University budget up 3.5% to support enrollment growth; economic incubator partnershhip

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University budget up 3.5% to support enrollment growth; economic incubator partnershhip

California State University, Fresno’s $167 million budget for 2001-2002 – up about 3.5 percent, or $5 million, over last year – funds enrollment growth at Fresno State as well as a new university and business partnership to boost the development of high technology in Central California.

While specific allocations at the local level will be filed in late September, university officials are pleased with this year’s level of funding and what it means for Fresno State’s future.

Included in the budget is $650,000 to support a Central Valley Economic Incubator that would spur the development of new high technology; and a 2 percent increase in employee compensation. That pay increase is half of what the CSU requested from the state for its employees, but still much higher than most universities in the nation are receiving.

“Considering the softness of the state economy, this is a very good budget for our system,” said John D. Welty, who marked his tenth anniversary as Fresno State’s president on July 31. “It is unfortunate that it does not include the compensation increase at the four percent level which our CSU Board of Trustees requested.”

But Welty also praised the governor and state legislature for supporting the incubator partnership.

“It’s important that the state sees the need to expand and develop new business here in the San Joaquin Valley,” Welty said. “We’re delighted that the university can play an important part in this move to promote the valley and its economic growth.”

The Central Valley Economic Incubator was established in 1996 as an economic development program for Fresno County in response to the area’s lagging economy and double-digit unemployment, said Dr. Karl Longley, dean of the College of Engineering and Computer Science at Fresno State.

“Unlike other economic development strategies that are aimed at attracting and retaining existing firms in the region, CVBI is geared primarily toward creating new firms that will in turn create jobs.”

The non-profit organization is a collaborative effort among several community partners including Fresno State, the Fresno Business Council, the Entrepreneurial Resource Center, the Center for Advanced Research and Technology and the Fresno Area Workforce Investment Board.

Located within the Center for Advanced Research and Technology (CART) building, CVBI is home to several entrepreneurial firms, including environmental technology, multimedia, telecommunications, biomedical, biochemical and e-commerce ventures.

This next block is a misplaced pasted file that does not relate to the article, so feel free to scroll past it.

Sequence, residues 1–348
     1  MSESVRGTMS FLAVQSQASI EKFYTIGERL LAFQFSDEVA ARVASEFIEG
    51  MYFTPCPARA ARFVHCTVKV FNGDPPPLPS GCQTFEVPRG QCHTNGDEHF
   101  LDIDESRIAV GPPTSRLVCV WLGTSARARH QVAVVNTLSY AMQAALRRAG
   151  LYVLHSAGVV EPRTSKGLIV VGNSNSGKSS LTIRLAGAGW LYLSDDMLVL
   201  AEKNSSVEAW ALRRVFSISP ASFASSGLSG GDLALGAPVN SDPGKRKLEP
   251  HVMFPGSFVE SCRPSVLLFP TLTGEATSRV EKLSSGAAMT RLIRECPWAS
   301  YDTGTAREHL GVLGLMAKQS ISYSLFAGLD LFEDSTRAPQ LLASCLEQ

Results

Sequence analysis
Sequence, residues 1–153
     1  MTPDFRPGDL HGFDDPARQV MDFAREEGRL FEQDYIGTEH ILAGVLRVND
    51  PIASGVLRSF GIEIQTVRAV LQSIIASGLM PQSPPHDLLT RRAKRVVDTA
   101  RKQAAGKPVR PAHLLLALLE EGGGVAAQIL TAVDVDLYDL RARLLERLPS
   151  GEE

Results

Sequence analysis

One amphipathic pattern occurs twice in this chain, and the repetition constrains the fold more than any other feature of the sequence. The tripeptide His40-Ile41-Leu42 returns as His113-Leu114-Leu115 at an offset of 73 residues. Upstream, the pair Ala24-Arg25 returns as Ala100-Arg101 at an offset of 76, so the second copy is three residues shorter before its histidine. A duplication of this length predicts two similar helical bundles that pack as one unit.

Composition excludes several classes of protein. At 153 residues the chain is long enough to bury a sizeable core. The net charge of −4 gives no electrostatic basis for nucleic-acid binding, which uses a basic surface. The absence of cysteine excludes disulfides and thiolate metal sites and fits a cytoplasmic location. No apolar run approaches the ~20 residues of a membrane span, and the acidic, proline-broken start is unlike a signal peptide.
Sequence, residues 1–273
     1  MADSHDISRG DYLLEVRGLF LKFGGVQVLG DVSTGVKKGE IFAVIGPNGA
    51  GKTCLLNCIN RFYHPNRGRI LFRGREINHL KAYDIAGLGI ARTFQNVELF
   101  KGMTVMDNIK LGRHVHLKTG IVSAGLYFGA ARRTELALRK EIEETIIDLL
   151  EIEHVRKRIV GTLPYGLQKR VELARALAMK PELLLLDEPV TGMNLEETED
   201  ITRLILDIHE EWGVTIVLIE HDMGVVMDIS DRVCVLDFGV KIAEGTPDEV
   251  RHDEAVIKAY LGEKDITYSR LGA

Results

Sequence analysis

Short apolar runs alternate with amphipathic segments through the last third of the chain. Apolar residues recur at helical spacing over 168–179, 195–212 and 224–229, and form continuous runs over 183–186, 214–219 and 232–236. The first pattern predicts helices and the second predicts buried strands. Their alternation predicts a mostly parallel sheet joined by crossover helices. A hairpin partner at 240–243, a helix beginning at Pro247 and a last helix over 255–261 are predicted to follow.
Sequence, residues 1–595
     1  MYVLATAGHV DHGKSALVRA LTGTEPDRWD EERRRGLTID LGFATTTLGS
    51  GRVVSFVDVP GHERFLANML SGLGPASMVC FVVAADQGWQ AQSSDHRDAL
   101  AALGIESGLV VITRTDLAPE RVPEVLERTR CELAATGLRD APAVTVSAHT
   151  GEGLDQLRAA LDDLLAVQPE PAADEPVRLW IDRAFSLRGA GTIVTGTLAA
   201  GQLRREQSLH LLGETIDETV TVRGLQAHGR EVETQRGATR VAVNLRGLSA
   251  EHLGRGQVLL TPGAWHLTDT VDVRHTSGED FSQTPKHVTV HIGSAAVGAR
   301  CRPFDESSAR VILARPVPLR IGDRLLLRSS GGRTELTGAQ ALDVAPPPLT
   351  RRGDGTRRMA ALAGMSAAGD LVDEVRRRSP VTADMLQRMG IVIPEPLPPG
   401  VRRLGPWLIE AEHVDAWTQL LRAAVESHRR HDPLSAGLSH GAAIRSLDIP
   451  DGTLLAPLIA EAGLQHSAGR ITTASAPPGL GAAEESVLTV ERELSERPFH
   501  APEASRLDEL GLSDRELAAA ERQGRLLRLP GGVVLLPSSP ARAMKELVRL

“Networking within this community of entrepreneurs provides access to invaluable resources and a support system to help Valley business ventures grow and thrive,” Longley said.

The new funding will help the university provide academic resources, faculty expertise, and distance learning programs to support business development.

Provost J. Michael Ortiz said the incubator typifies the kind of innovative thinking that has spurred the growth that the university is experiencing. Fresno State is one of eight CSU campuses receiving increases in allocated funding as a result of this rise in student enrollment. “These monies will fund additional courses to meet student demand as enrollment continues to increase,” Ortiz said.

Bernie Vinovrski, assistant vice-president for enrollment services, said applications are up 10 percent over last year with 19,500 students expected to enroll by the time classes begin Aug. 27. Vinovrski said CSU’s ability to keep student fees from increasing is proving to be very attractive to students and parents.

“Any budget that keeps basic fees to zero or little growth is excellent news for the public in planning for a post secondary education.” Vinovrski said.

The budget includes funding for the CSU’s move to year-round operation in 2002. Fresno State, which employed a year-round schedule in the Kremen School of Education and Human Development this summer, will implement the year-round schedule next year univeristy-wide.

“If you can base predictions on what has happened in the Kremen School on our campus, and the results experienced by the other CSUs that converted this summer (2001), we anticipate a large number of students will be attending, and this should accelerate their time-to-degree,” Ortiz said.

At the CSU level, two allocations that affect Fresno State are:

— $17.5 million for the Governor’s Teacher Fellowship Program, which provides $20,000 fellowships for individuals to attend teacher preparation programs and then teach in under performing schools after attaining their teaching credentials.

— $6 million for the Governor’s Education Technology Professional Development Program. The program will train teachers in the use of technology in the classroom and will support curriculum, which focuses on improving the quality of teacher instruction and the level of student learning.

Enrollment in the Kremen School of Education and Human Development has increased from 1,226 majors in 1997-98 to 1,445 in 2000-01. There were 3,327 declared majors in Education in 1997 and there were 3,846 in 2000 – an increase of 519 – to meet the need for credentialed teachers in the Valley and state.

Ortiz said this is a direct result of CSU teacher preparation initiatives funded by the state.